Such panic over Thanksgiving organization: Andrea keeps a gluten-free diet; can Lee come as a last minute guest; the John Dudek’s prefer that all ten guests sit at the same table, and not get scattered across two rooms; is a 16-pound turkey enough for ten people; how do I not get stuck cooking for everyone, like I have in the past?
Yet, the holiday ritual worked fine. Ray and the John Dudek’s arrived at 11:45am. Meanwhile, I had cooked last night a sweet-potato soup. Mom prepared the turkey, then opened boxes for both stuffing and gravy. Ray hastily mashed potatoes. Andrea put together a kale salad.
Often I find unstructured waiting can be socially awkward, as we’re not a communicative family. Before the 2pm dinner, I taught nieces Sasha and Isabelle how to play the tile game of Azul. John gamely came in last place. It’s important for these kids to see their Dad as yet another real-person participant and not always the stern authority figure.
We ate so quickly but convivially. None of the food was fancy, but it was indeed tasty. We don’t do grace. I did force a ritual of my own: the introduction of the prepared dishes, anything to slow down the hasty meal. I was disappointed that the tv thundered onward to some football event. I think my mother gets flustered if there isn’t an outside distraction. Ray brought over 200 fancy cans of beer. I got drunk rather quickly, a prelude to the rest of the weekend. Shockingly, we all get along in ways we certainly once did not. The smallest kids are old enough to be social people (and quite awesome ones). The oldest kids don’t feud so much.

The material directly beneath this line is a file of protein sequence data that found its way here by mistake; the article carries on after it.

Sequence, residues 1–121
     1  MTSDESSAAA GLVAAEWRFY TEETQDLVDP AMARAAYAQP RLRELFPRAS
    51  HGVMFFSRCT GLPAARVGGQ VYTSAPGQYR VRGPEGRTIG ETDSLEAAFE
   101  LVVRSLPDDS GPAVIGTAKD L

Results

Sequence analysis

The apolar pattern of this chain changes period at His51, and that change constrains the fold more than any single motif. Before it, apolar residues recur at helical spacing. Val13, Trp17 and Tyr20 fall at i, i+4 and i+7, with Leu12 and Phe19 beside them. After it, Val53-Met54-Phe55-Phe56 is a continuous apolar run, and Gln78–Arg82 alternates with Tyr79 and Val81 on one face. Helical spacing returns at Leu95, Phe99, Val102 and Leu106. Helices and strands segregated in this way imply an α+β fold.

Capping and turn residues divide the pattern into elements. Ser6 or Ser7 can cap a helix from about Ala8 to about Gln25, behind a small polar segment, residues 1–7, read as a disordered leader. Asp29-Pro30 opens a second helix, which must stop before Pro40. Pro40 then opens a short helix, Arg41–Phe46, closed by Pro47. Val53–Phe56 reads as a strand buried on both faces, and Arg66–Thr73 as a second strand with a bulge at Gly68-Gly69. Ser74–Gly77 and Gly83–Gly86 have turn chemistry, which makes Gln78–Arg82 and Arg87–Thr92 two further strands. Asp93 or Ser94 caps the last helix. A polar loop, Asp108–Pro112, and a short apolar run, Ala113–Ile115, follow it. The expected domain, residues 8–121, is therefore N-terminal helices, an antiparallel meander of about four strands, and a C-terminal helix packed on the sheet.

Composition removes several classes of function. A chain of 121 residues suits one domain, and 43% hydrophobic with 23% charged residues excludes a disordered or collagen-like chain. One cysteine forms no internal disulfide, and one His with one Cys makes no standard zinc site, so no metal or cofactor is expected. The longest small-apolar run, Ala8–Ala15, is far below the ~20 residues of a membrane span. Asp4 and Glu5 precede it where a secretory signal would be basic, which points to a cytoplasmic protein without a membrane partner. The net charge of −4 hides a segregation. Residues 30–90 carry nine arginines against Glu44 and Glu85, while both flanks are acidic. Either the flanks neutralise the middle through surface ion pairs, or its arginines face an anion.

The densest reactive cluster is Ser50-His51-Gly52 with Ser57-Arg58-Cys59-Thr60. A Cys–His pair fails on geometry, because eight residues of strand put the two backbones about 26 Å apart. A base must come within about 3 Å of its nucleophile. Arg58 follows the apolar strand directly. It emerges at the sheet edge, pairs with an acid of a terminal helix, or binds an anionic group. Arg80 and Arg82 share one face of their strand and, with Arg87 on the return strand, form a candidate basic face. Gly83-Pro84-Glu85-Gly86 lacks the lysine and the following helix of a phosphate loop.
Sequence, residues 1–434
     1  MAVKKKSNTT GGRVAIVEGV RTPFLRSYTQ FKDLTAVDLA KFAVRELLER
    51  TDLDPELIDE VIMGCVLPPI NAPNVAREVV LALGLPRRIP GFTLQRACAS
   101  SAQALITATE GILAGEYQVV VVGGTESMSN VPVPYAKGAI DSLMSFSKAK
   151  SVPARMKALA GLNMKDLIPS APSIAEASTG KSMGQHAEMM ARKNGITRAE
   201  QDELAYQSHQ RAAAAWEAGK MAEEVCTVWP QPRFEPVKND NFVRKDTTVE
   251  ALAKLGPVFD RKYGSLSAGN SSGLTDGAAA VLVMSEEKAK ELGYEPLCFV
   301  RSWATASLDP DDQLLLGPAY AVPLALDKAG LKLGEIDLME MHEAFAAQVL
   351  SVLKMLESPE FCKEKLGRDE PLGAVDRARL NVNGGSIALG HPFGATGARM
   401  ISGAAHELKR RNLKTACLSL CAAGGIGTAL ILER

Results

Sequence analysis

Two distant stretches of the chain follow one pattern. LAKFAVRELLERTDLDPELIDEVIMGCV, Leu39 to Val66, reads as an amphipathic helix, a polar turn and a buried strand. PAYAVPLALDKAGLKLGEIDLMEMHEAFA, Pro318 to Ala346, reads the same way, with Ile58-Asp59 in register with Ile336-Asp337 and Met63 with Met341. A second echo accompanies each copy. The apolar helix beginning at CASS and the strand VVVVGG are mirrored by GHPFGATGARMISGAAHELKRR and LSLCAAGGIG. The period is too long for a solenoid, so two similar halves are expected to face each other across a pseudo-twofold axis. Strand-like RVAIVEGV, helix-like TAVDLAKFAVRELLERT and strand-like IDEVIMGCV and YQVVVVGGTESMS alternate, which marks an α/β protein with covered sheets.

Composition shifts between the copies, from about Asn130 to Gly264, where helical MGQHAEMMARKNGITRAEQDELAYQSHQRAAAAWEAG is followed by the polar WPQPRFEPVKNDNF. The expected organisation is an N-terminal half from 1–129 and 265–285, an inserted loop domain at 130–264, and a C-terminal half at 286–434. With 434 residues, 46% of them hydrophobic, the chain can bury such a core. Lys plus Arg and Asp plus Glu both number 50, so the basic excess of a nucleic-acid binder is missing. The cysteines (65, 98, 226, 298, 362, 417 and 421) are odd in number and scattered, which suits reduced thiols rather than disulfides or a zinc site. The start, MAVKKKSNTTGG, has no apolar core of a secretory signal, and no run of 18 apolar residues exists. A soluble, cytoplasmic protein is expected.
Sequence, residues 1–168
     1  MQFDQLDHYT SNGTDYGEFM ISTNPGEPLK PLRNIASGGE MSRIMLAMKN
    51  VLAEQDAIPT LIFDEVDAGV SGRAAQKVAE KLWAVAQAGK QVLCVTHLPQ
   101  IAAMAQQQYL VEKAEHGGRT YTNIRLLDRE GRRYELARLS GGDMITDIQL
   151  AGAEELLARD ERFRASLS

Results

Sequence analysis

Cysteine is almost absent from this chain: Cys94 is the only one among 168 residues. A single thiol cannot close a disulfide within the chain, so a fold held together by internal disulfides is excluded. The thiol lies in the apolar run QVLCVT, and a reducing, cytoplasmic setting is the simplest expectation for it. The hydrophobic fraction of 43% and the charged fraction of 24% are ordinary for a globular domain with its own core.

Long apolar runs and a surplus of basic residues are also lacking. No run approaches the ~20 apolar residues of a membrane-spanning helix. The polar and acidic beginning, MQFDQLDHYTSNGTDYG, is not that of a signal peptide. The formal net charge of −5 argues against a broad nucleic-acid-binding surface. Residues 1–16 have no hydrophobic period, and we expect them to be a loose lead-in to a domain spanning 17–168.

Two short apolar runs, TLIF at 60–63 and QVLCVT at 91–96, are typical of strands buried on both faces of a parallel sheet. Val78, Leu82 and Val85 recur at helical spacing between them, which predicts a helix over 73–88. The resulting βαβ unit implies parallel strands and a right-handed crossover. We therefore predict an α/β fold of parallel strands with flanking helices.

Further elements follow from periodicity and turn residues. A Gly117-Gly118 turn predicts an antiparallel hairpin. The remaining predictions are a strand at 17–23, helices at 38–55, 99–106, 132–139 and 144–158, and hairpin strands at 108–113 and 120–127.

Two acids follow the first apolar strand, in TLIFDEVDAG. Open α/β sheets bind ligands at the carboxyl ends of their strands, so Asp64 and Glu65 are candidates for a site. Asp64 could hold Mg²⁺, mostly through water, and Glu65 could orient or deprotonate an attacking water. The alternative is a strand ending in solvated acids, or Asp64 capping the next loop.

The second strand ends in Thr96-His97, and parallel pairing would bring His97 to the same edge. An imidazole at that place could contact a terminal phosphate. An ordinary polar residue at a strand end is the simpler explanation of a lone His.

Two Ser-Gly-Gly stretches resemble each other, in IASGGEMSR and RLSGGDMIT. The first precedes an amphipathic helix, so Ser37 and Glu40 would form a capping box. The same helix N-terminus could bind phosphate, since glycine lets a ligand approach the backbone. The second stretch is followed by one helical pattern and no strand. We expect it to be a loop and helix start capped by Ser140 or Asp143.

Dad, addicted to sugar, wanted to plow instantly into dessert. I suggested a several hour break to digest and keep people at the house. From Ohio, Ray transported Mysterium, my favorite game and the best association game I know. Six psychics (Andrea, John, Ray, Lee, Sasha, Isabelle) receive visions from one silent ghost (me!) to lead each psychic to identity of the murderer, the room, and the weapon (much like Clue). Semi-collaborative, Mysterium worked great for this group. Expert Ray helped me to set up my ghost screen while he kept track of the game progress. Of all people, Isabelle saw my visions most correctly.
Board games may be silly, but I’m desperate for a structured way to bring people to the table for interaction. Hopefully over the mechanics of the game, folks can share a bit about their lives and show each other what they are like as people. By a narrow margin, just after sunset, the group correctly guessed the final murder scenario to win the game.
We sat back at the dining room table to consume two pies (one gluten free) and a fruit tart. The day wore down. The John Dudek’s packed up to stay at Andrea’s friend’s house in Wellesley. Ray, Lee, and I hunkered down to a three-player game of Azul. Another Thanksgiving, another holiday well spent. I fear that this ritual will not last much more in this manner.